STOCK MARKET WATCHLIST: Asos founder spots a bargain in the sales
Asos founder Nick Robertson
A profit warning in December that caused shares to plunge had stock market punters wondering whether Asos shares were a bargain worth chucking in their shopping baskets.
Now, after a second profit alert in seven months from the online fashion retailer, they must be wondering whether the company might lose its unofficial title as the poster boy of AIM, London’s junior stock market.
The company blamed IT problems at its warehouses abroad for its latest woes, which have halted the share price recovery of earlier this year in its tracks. Loyal shareholders who stuck with the company when its value hit £6.4 billion just over a year ago – perhaps in the hope that the firm might be snapped up by a much larger retailer – must be ruing their luck.
They surely wish they had the foresight of the company’s founder Nick Robertson, who stepped down as chief executive in 2015, but remains a non-executive director. In April, he had the good sense to sell £15.3 million of Asos shares at £37.23 each. Today, they stand at just £21.81. Now that’s a discount.
It’s been a soap-style drama at ITV for Dame Carolyn McCall, who has seen its shares dive from £1.70 in January 2018, when she joined, to £1.10. The former easyJet boss has been working to turn around ITV’s fortunes with BritBox, a venture launched with the BBC to challenge Netflix, whose growth has hurt ITV shares, along with concern over a slump in ads. First-half results on Wednesday should reassure investors, says Ian Whittaker at Liberum. The analyst reckons ITV1, which rakes in most advertising, is holding up better than the shares suggest.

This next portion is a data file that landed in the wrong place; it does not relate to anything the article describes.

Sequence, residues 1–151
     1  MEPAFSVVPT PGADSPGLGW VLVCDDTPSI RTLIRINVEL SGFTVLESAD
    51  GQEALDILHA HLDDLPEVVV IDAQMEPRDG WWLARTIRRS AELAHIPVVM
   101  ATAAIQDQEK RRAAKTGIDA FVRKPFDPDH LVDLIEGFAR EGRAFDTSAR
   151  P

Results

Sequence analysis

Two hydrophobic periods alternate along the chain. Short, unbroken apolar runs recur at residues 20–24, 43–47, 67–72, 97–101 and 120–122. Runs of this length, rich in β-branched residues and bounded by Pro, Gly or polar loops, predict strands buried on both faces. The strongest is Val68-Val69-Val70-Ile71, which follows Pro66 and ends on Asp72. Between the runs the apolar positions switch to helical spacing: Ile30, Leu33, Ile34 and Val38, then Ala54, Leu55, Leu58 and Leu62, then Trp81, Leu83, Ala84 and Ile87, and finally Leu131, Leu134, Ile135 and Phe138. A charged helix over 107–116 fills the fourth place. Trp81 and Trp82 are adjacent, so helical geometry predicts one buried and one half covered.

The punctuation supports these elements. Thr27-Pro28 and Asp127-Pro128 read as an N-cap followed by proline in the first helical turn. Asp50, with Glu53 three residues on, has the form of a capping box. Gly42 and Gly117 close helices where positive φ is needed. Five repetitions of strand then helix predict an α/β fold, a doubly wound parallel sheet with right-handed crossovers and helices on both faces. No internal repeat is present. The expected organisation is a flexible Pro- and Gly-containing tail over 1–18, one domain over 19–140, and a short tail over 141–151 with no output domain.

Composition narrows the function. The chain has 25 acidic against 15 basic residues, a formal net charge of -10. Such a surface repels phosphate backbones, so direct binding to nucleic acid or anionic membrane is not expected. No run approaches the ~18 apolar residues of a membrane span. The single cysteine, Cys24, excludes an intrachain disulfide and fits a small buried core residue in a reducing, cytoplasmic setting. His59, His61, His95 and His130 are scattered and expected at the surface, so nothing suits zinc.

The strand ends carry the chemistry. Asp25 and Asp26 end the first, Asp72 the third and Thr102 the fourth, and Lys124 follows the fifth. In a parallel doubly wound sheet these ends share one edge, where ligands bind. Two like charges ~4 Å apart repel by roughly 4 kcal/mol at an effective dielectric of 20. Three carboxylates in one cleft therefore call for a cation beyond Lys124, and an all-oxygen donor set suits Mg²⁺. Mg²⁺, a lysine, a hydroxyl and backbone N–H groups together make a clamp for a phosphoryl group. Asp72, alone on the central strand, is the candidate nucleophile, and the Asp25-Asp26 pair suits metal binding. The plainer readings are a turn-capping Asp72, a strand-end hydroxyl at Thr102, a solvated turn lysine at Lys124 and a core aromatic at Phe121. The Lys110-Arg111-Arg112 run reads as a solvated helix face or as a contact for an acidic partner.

He may be backing the ebullient Boris Johnson to be Prime Minister, but Crispin Odey is clearly not quite as confident about the housing market in the British Isles. Short-selling data firm Breakout Point has spotted that Odey has just made a bet against Cairn Homes, the Irish housebuilder with a listing in London. The company is worth £787 million, which means Odey’s short position of 0.64 per cent is worth £5 million. He profits if the shares tumble, but will lose out if they rise. As in the UK, the Irish property market is on shaky ground, with house prices on the slide. Odey’s bet could be a worrying sign of worse to come.
Another week, another potential fundraising on London’s junior stock market. A little birdie tells me that AIM-listed tiddler Alexander Mining is planning a share placing to raise up to £1 million. City sources say the mining and mineral processing firm’s stock could be placed at a substantial discount to its current share price of 0.4p. It is thought Alexander Mining will secure £750,000 to £1 million from investors. As one of the smallest companies listed on AIM, with a market value of just £831,000, a £1 million cash injection would be a major boost for the firm.